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  • Putting Them on the Map: Mapping the Agents of the Colored Co-operative Publishing Company by Alisha Knight
  • April C. Logan
Putting Them on the Map: Mapping the Agents of the Colored Co-operative Publishing Company. By Alisha Knight. December 2016,

Scholars agree that the Colored American Magazine had, during its existence, the greatest readership of any journal of its kind owned and operated by African Americans. Yet very little is known about how such a vast circulation was cultivated and sustained by its publisher, the Colored Co-operative Publishing Company. Alisha Knight’s Putting Them on the Map: Mapping the Agents of the Colored Co-operative Publishing Company begins to excavate such a history and points scholars and educators in English, history, communications, geographic information systems (GIS), and other disciplines in intriguing new directions.

Knight used Esri’s ArcGIS StoryMaps to create Putting Them on the Map as an interactive web app. She also acknowledges the assistance of Washington College’s GIS program. GIS is an information technology for creating, managing, and analyzing geographic data to better understand and share knowledge about the world. To produce her geographic data, Knight relied on creative sleuthing in telephone directories, Colored American Magazine issues, and federal census records that detail the agents’ numbers and lives. Putting Them on the Map is an innovative interdisciplinary project that weds science and the humanities to powerfully quantify unrecognized developments, strategies, and places in African American literature and publishing.

In fifteen different multimedia tabs, Putting Them on the Map provides geographic, demographic, and biographical information on Colored American Magazine’s salespeople from May 1900 to July 1904. The magazine was owned [End Page 338] by the Colored Co-operative Company from May 1900 to May 1904, when it was then purchased by Fred R. Moore and operated by the Moore Publishing and Printing Company. The “Overview” and “Boston Headquarters” tabs on the left-hand side of the home page present brief introductions to the site’s purpose and organization and to the Colored Co-operative Publishing Company. Knight collaborates with readers, asking, “How did a small black publishing firm with a modest ‘handful of readers’ reach the point where it could consider itself ‘the mouth-piece and inspiration of the Negro race throughout not only this country, but the world’?” (Overview). The tabs, labeled according to the issues of the magazine that enclose an agent list, answer this question by highlighting the socioeconomic statuses of Colored American Magazine’s agents, their unequivocally successful efforts to secure subscribers in the United States as well as abroad, and the commitment to racial uplift that unified them.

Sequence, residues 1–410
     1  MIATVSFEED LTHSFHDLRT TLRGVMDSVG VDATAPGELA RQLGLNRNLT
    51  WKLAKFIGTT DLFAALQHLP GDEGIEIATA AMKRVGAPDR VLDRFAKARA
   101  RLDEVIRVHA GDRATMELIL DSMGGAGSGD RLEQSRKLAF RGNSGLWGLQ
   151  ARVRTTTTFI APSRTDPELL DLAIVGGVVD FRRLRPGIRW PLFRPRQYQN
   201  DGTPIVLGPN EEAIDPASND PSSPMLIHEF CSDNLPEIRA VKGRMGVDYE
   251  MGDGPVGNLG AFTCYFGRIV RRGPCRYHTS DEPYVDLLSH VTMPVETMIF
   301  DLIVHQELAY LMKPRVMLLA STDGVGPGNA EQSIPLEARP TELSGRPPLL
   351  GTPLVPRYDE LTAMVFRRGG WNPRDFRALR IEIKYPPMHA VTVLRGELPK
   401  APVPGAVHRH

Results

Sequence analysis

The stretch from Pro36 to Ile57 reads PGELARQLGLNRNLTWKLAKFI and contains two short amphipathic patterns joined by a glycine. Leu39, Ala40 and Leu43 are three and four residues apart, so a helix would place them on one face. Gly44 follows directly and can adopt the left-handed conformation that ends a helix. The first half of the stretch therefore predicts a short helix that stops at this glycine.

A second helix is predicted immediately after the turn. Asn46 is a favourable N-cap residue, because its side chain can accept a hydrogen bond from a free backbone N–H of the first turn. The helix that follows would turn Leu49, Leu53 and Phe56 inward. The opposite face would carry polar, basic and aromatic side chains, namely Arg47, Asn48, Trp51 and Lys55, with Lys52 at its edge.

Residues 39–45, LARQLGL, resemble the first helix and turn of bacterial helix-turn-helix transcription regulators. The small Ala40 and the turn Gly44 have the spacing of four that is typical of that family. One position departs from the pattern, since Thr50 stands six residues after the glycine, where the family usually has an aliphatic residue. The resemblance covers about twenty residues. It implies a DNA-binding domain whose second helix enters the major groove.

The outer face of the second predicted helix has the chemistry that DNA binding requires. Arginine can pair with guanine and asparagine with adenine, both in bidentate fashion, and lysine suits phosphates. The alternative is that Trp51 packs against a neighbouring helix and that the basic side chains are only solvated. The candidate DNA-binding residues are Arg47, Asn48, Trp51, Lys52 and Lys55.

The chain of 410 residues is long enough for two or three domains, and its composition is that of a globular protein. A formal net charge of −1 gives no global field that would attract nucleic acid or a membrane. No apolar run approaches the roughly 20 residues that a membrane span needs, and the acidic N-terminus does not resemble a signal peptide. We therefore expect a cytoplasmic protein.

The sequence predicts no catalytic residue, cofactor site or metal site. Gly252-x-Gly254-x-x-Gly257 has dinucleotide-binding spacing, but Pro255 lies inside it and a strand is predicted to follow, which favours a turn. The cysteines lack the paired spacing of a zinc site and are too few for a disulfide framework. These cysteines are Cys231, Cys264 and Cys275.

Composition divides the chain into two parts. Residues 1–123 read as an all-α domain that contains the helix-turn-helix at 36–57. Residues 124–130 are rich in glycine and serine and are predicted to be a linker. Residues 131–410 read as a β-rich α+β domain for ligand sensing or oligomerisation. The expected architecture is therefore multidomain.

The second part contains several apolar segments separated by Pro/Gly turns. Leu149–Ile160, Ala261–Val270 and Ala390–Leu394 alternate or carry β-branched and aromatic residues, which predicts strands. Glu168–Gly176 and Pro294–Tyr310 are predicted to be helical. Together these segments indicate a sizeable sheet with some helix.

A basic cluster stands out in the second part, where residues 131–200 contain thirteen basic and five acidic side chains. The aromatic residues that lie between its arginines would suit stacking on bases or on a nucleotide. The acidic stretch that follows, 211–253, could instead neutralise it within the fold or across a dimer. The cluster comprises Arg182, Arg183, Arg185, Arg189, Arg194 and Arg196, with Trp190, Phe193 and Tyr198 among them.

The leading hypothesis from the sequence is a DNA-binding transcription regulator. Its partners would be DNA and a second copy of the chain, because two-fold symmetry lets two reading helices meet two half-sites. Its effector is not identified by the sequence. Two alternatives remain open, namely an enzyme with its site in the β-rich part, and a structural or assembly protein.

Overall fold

Like Matryoshka dolls, the primary pleasure of the site lies in clicking on each tab to be surprised by Knight’s discoveries. They offer a map covered in black dots representing agents and contextualization of their period with the Colored American Magazine. Most of these dots provide the name of the agents and a home or business address through a clicked pop-up, but some only provide statistics on the total number of agents in a state. The curation of the data on the map also varies. For example, some tabs offer images and professional sketches of particular agents, but others only provide more general information, such as the procedures of branch offices. In addition, sometimes information appears in two ways: through the black markers as well as a bar the viewer may move across a map to experience a color-coded visualization of agent expansion.

Although Knight’s interpretations are at times speculative, they and the smorgasbord design of the Story Map work well together because they encourage viewers to conduct their own analyses and inquiries. Indeed, Putting Them on the Map suggests that further investigation of Colored American Magazine editor Pauline Elizabeth Hopkins’s role in the establishment of agents across the globe and influence on international and state-level African American politics is needed. In particular, the tab focused on a cohort of African American women agents compels additional study of whether the scope of Hopkins’s dedication to women’s empowerment extended beyond her public lectures...


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pp. 338-340
Launched on MUSE
Open Access
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